L.B. Airport Noise Study Gets Harsh Reception

May 08, 1986|SUE CORRALES | Community Correspondent

LONG BEACH — An unconvinced City Council spent two hours this week grilling authors of a study that concludes that noise can actually be reduced at the city's airport if airlines are allowed to more than double the number of daily flights.

The report from the 20-member Airport Noise Compatibility Task Force recommends using the incentive of increased flights to get airlines to use quieter aircraft. With the new aircraft, along with changes in runway usage and other techniques, the task force report said, the number of flights can be gradually increased from the current 18 to a maximum of 41 flights. Those flights would produce less noise, the commission report says, thereby bringing the city into compliance with state noise laws.

Report Termed 'A Sham'

Councilman Edd Tuttle, a long-time critic of the airport, called the report "a sham."

"I think the city needs to draw the line and go toe-to-toe and stand behind a 15-flight maximum," he said.

Other council members joined Tuttle in lobbing questions at task force representatives.

They were especially critical of the task force's plan to add flights in increments of eight. After the meeting, Mayor Ernie Kell singled out that provision as one he "wished were different."

Another recommendation to shift some commercial flights from the airport's longest runway and onto a shorter runway, paralleling the San Diego Freeway, also drew fire from the council. Task Force members defended the plan as a method of reducing noise in Long Beach's residential neighborhoods, but council members expressed concern about whether that would only lead to additional commercial flights.

Council members also questioned whether the report reflected adequate community input. Despite five public hearings, only one suggestion from the community was incorporated into the report, task force chairwoman Karen Hoy told the council.

A city report showed that airport noise exceeded the state maximum during the first three months of this year. That means that even if they adopt the task force report, council members could justify not allowing additional flights until noise levels go down.

Many California airports find the state noise standards impossible to meet, and variances that allow them to be exceeded, are "virtually automatic," Deputy City Atty. Roger Freeman told the City Council. But council members said Tuesday that they would prefer to find ways to reduce the noise level.

The task force report also took flak this week from the Long Beach Unified School District and nearby Signal Hill.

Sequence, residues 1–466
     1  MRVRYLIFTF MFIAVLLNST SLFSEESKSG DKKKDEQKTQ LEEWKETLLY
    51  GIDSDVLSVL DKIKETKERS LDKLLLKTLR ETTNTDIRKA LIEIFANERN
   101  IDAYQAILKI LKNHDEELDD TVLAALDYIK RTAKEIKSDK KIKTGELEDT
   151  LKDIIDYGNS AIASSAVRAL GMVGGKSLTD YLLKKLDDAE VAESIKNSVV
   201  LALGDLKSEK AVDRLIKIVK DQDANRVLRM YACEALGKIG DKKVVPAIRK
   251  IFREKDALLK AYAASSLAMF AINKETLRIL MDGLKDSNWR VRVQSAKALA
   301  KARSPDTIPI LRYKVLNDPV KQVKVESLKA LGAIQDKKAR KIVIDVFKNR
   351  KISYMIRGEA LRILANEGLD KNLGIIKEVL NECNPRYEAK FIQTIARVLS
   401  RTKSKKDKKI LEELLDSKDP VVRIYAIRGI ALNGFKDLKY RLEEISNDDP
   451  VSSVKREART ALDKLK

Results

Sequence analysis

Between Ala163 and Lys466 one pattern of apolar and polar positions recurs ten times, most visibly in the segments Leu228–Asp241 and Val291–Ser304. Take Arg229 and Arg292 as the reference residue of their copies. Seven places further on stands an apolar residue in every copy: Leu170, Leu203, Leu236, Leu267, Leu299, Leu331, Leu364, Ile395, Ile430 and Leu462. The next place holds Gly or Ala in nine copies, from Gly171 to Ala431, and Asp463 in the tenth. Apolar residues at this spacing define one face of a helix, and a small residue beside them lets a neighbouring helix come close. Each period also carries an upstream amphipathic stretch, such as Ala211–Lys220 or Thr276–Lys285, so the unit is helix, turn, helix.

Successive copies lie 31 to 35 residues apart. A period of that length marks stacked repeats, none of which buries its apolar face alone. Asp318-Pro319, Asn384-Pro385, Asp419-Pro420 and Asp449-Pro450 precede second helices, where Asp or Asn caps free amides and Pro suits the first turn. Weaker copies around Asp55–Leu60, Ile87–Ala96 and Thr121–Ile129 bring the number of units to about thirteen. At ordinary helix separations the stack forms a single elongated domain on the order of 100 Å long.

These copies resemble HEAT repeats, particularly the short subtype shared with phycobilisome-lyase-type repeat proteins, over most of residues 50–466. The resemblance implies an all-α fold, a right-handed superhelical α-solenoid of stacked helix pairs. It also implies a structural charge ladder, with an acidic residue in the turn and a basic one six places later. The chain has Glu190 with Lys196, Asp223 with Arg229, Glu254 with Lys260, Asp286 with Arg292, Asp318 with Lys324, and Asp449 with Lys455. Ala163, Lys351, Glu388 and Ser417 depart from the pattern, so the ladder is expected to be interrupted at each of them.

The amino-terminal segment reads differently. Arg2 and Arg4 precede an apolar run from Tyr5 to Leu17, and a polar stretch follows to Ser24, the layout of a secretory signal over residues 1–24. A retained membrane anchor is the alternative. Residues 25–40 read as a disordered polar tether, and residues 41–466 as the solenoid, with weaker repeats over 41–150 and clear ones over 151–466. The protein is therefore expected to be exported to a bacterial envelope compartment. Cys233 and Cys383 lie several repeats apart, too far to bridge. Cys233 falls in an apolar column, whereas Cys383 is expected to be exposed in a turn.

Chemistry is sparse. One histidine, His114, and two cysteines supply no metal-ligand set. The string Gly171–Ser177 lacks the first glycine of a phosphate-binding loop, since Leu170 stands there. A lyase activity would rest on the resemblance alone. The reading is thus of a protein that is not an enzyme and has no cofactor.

Task force member Elizabeth Wallace, also a member of the Long Beach Board of Education, told the council, "if the present recommendations are adopted, the (Long Beach) educational environment will be irreparably impacted " by noise.

A dozen schools are affected by airport noise now, said Wallace, and 20 to 50 of the districts 79 schools will be affected if flights are increased to 41. Her remarks, which were read from a report unanimously approved by the Long Beach Board of Education, will be included in an environmental report about the effect of increasing flights.

At its regular meeting Tuesday, the Signal Hill City Council adopted a resolution opposing an increase in flights at Long Beach Airport, and agreed to invite city councils and staff members from Lakewood, Seal Beach, Carson and Huntington Beach to join in protesting the task force recommendations.

Signal Hill City Manager Louis Shepard said the council was particularly concerned by the proposed shift in runways, because it would shift more flights--and more noise--toward Signal Hill.

Formed to Decide Limits

The Airport Noise Compatibility Task Force was formed by the Long Beach City Council in 1984 to study noise at Long Beach Airport and decide what permanent limits should be set on commercial flights.

A federal district court required the airport to develop a technically defensible standard for limiting flights after three airlines filed suits challenging the airport's limit on commercial flights. Underlying Tuesday's hearing was a fear by the City Council that, if the city fails to adopt acceptable standards, they may be imposed by the court.

A public hearing on the report will be held by the Planning Commission on May 22. Kell said he will arrange for space at Long Beach Convention Center for a City Council hearing in mid-June. The Council's decision, and the report, will then be forwarded to the Federal Aviation Administration for approval. The FAA paid for most of the $235,000 study.

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